Oscar Bettison

Percussion group redefines traditional music parameters

April 23, 2012
By Sarah Scully, The Dartmouth Staff
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During So Percussion’s performance on Friday night, kitchen timers went off, wind-up toys marched across the stage and cell phone alarms went off in the audience at exactly 8:38 p.m. It was all coordinated as part of So Percussion’s music, which breaks down the traditional parameters of what defines music.

The percussion group performed in Spaulding Auditorium on Friday night after a week-long residency at the Hopkins Center that included workshops for students and a short performance in Novack Cafe. The stage was arranged with instruments ranging from steel drums to wine bottles.

So Percussion has been pushing the boundaries of music since the group was founded in 1999, according to the Hopkins Center program notes. The four musicians in the group today — Josh Quillen, Adam Sliwinski, Jason Treuting and Eric Beach — met while in graduate school at the Yale School of Music.

Any sound can be incorporated into music, per So Percussion’s experimental approach. The kitchen timers, wind-up toys and cell phone alarms were all part of two of So Percussion’s pieces, “Amid the Noise” and “It Is Time.”

Their work also includes a song called “Needles” that is played by plucking the needles on an amplified cactus. So Percussion has also collaborated with artists such as Dan Deacon and the band Matmos.

“Music is organized sound,” Sliwinski said in an interview with The Dartmouth, quoting John Cage, one of the group’s favorite musicians.

Cage explored the boundaries of music at a time when most musicians were fixated on traditional instruments, according to Sliwinski.

“Not only organized sound but organized sound and also silence, complementing each other,” he said.

So Percussion embraces an Andy Warhol-esque aesthetic of extracting art from everyday items and sounds.

“If you’re walking around all day thinking that everything around you is so ugly — what a bummer that is,” Sliwinski said.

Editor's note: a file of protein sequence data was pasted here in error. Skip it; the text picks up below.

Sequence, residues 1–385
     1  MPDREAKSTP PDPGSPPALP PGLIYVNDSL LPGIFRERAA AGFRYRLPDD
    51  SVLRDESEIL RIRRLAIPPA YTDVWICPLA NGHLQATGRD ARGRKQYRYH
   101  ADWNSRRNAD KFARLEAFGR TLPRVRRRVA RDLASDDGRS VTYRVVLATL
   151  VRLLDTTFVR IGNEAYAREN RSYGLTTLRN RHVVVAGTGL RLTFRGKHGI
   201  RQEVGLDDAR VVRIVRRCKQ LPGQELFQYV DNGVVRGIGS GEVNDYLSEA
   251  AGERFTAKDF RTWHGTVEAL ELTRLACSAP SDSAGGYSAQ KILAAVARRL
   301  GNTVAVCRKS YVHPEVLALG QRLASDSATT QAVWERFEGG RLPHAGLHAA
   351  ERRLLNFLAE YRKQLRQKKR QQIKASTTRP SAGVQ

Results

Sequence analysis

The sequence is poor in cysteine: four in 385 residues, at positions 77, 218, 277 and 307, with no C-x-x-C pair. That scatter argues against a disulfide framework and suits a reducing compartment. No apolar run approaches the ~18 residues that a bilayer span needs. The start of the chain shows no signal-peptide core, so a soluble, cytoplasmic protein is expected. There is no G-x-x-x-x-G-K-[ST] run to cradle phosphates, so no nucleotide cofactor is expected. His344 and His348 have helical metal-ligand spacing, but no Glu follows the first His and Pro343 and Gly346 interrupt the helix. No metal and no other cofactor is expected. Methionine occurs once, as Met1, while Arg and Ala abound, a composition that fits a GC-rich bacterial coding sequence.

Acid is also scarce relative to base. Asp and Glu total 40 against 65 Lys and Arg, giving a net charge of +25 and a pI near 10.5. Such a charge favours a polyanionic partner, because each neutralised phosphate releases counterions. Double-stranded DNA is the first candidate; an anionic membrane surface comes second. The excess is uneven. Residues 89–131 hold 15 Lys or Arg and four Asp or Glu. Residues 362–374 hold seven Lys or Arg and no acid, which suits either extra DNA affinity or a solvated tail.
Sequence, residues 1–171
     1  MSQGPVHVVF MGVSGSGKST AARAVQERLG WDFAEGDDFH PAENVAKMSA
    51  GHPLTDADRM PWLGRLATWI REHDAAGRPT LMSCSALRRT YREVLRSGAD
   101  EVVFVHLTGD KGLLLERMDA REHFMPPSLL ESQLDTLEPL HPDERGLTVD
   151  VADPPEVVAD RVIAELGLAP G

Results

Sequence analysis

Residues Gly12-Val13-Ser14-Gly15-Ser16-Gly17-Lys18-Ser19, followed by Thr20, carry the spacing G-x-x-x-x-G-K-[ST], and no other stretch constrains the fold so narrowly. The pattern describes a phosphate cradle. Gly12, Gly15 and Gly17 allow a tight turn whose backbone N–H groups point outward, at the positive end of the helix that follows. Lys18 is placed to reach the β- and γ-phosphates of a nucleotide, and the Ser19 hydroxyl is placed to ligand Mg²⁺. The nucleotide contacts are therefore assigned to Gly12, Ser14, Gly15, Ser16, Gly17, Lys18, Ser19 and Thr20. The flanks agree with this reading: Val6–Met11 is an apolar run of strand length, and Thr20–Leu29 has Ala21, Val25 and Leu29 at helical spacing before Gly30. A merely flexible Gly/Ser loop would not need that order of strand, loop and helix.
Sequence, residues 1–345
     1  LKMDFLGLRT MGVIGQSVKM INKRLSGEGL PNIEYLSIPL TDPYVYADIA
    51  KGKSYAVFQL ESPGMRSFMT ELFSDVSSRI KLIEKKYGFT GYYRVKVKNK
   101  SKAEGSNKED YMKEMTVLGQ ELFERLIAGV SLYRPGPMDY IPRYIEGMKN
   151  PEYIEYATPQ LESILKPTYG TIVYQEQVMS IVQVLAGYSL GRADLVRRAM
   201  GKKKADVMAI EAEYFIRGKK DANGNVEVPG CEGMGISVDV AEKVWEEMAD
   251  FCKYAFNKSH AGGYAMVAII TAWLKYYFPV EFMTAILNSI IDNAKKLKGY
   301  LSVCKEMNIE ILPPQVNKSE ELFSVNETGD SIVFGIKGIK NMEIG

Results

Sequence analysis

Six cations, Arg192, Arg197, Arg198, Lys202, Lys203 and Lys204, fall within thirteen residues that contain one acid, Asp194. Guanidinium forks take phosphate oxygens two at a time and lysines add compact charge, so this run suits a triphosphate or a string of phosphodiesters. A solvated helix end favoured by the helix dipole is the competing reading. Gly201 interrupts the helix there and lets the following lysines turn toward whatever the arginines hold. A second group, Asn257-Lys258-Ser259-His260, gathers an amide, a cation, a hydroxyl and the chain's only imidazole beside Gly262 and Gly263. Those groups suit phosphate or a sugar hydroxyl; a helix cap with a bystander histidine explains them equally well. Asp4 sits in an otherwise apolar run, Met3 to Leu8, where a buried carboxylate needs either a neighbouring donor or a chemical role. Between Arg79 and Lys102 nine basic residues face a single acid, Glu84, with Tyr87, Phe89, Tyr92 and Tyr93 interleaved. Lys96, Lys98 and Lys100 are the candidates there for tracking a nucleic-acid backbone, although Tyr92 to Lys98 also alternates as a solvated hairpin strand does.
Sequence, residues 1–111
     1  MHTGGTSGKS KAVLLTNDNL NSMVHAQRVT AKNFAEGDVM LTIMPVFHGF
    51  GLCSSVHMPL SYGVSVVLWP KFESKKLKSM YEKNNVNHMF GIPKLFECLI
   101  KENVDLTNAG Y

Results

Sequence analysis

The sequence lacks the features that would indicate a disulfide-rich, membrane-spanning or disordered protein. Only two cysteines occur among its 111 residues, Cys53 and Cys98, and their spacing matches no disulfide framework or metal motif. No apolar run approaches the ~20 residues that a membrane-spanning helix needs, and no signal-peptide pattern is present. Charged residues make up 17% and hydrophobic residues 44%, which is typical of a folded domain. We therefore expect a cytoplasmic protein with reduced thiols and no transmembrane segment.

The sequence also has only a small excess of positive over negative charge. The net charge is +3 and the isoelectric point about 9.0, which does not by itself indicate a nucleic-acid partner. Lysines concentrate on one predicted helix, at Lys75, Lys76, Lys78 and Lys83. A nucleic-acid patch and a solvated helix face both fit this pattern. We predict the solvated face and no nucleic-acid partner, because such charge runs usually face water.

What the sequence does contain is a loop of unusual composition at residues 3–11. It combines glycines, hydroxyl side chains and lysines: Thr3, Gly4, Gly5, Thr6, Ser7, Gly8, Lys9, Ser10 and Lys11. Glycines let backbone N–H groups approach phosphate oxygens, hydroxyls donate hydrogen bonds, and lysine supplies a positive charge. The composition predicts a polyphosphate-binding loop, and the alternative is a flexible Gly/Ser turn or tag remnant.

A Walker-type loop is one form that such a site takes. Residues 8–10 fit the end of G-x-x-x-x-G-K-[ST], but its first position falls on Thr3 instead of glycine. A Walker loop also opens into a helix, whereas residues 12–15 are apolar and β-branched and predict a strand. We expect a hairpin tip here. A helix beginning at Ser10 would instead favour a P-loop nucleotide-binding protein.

The group once performed a piece using all flower pots and teacups, which almost turned disastrous when they arrived in Europe to see boxes of pots broken in transit. Luckily, the group found replacements in time for their performance, according to Sliwinski.

As part of So Percussion’s residency, the Hopkins Center commissioned a piece written by Oscar Bettison, which So Percussion premiered on Friday. The piece, called “Apart,” was played using amplified tuning forks in different keys. The four musicians sat around a table, tapping tuning forks on blocks to create vibrations. They then held them up to amplifiers in delicate and rhythmic motions, creating whines in different pitches and pulses.

“It’s so limiting to think that music could only consist of these 12 tones — that [there is] this agreed upon tuning that we came up with in the past few hundred years and that’s all the music we could make,” Sliwinski said.

During another song, “Amid the Noise,” the musicians asked audience members to jingle their keys, read something aloud in unison and hug the people next to them in succession.

Audience members could only wonder how the musicians would next use the instruments on stage as So Percussion shifted between marimbas, vibraphones, toys and other items, including a flexible piece of metal played with the bow of a string instrument.

Percussion performances also lend themselves to a natural choreography on stage, according to Sliwinski and Beach.

“A lot of percussion music has an element of choreography or movement built into it,” Sliwinski said. “You don’t necessarily coordinate it in a really specific way a lot of the time. Every sound you make is very visibly obvious when it happens.”

Beach likened the stage to a musical landscape where the audience anticipates the use of each of the many instruments they can see.

“It’s a dance of moving around the stage,” Beach said. “By having this choreography — and adding this other layer — we got to do something that was even cooler, and it’s this immersive kind of environment.”

In “It Is Time,” the musicians moved cyclically, playing instruments and setting up kitchen timers in rhythm.

Overall, So Percussion’s music was completely stunning and original — there was never a boring moment during all that was taking place on stage and the unexpected sounds produced. The group engaged audience members, pushing them to take part in turning noise into music.

Copyright ©2012 The Dartmouth, Inc.
Photo by Christina Chen / The Dartmouth Staff